This Is The Most Realistic CGI Skin We’ve Ever Seen

In the future your avatar will have pores.

Even the best CGI humans look dead. And while there can be a lot of reasons for that–the helmet-like hair, the glass eyes, the lack of realistic expressions–one of the biggest culprits is the skin. In the worst instances, computer skin has the flat, wrinkle-less glow of a Olay model, and in the best, the skin looks to have been grafted on a model from a corpse.


But a new technique developed by researchers at USC makes artificial skin look remarkably real. Their method? Scan a real human face down to the 10 micron magnification level–close enough to get tiny wrinkles and pores–and then render a special texture map that considers how those tiny fissures and crags squeeze together when you squint, or stretch wide when you smile. Simulated light hits these maps and, as you can see here, it just looks right. Even though I can still tell it’s computer generated (possibly because I already know?), it doesn’t look odd or repulsive in that uncanny valley sort of way.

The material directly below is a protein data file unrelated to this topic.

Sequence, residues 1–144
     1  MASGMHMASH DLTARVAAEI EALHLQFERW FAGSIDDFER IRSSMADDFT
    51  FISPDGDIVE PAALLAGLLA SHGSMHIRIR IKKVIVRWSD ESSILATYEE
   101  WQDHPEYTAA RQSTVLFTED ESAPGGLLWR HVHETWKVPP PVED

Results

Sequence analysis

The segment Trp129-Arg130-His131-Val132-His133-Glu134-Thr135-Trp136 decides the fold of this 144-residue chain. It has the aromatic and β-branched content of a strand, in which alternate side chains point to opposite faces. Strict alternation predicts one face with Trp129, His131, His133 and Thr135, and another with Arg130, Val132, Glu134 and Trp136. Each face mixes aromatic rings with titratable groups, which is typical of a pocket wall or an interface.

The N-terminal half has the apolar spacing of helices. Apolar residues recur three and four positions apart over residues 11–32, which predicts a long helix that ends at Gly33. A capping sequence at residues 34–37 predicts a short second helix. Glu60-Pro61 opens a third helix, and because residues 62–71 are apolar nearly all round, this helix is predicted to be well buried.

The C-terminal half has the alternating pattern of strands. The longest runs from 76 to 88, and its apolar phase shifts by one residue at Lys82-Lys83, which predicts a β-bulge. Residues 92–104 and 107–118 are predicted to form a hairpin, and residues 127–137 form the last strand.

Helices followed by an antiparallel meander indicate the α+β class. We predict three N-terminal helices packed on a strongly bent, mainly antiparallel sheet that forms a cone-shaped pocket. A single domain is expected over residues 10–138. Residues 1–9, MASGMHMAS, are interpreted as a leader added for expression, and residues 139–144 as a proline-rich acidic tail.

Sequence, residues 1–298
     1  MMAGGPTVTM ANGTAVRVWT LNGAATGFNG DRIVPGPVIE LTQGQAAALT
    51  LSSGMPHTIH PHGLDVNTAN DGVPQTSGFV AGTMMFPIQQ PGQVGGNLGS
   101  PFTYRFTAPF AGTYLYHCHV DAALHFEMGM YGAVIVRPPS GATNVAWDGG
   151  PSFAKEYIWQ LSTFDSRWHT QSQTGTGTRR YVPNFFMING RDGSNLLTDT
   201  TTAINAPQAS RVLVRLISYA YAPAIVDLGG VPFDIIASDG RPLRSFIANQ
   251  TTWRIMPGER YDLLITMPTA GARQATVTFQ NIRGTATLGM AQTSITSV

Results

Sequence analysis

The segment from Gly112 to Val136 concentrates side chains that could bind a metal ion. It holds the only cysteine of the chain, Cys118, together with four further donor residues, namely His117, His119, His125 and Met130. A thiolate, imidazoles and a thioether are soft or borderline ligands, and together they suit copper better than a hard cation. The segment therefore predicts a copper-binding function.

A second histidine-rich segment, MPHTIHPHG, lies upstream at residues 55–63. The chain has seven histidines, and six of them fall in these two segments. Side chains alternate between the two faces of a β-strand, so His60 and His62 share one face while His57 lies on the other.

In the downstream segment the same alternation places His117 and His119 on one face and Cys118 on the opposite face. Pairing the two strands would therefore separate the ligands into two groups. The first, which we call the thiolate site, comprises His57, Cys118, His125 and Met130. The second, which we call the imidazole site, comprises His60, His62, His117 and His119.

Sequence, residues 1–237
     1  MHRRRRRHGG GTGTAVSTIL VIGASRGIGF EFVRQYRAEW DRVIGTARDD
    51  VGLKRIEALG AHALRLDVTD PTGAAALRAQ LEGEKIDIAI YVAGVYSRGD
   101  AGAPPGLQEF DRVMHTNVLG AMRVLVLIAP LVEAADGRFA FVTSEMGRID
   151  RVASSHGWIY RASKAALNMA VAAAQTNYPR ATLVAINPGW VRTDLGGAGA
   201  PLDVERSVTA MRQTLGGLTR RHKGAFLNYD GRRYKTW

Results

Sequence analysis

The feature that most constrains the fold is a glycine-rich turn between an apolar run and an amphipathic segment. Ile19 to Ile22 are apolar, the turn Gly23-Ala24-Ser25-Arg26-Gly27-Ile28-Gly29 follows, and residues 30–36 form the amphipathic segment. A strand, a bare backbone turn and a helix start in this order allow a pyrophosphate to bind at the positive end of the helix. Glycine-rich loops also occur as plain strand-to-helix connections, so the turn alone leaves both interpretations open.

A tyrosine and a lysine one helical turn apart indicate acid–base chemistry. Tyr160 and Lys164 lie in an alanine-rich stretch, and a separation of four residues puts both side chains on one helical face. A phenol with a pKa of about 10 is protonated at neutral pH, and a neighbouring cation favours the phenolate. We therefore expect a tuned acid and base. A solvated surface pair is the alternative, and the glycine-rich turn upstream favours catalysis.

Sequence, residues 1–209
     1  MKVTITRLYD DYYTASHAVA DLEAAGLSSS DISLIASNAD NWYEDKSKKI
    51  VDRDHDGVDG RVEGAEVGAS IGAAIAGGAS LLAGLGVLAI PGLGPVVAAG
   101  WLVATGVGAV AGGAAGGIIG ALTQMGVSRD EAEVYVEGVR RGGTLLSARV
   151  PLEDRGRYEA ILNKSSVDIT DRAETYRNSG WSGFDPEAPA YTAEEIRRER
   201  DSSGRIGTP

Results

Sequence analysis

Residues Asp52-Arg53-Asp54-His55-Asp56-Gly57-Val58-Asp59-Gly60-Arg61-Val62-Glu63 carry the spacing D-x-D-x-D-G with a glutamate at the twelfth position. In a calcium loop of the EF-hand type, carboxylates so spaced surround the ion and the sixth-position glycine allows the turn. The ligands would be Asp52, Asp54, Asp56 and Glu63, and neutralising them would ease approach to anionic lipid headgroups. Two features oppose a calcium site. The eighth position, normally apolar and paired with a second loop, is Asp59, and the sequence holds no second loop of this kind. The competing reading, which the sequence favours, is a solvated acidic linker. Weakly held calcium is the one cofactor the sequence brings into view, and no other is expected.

The implications range from Hollywood blockbusters, to Facebook’s virtual reality worlds, to Microsoft’s virtual assistants, as the researchers have shown the technique can be applied in real time using a graphics card, or processed using tried-and-true dedicated rendering techniques favored by the film and tv industries. Obviously, the dedicated renders will look more realistic, given that the computer is given more or less unlimited time to make things look pretty, but the fact that this was coded from the start with real time rendering in mind gives it a larger, and more immediate potential impact on the humanoid graphics we see everywhere.

But just do me one favor, USC. Put some sort of limiter on this technology, so that when I raise that sniper rifle to my face in Call of Duty, the soldier looking back at me doesn’t look too much like a real person. I’m not ready to be a full-fledged soldier just yet.

[via Prosthetic Knowledge]


About the author

Mark Wilson is a senior writer at Fast Company. He started, a simple way to give back every day.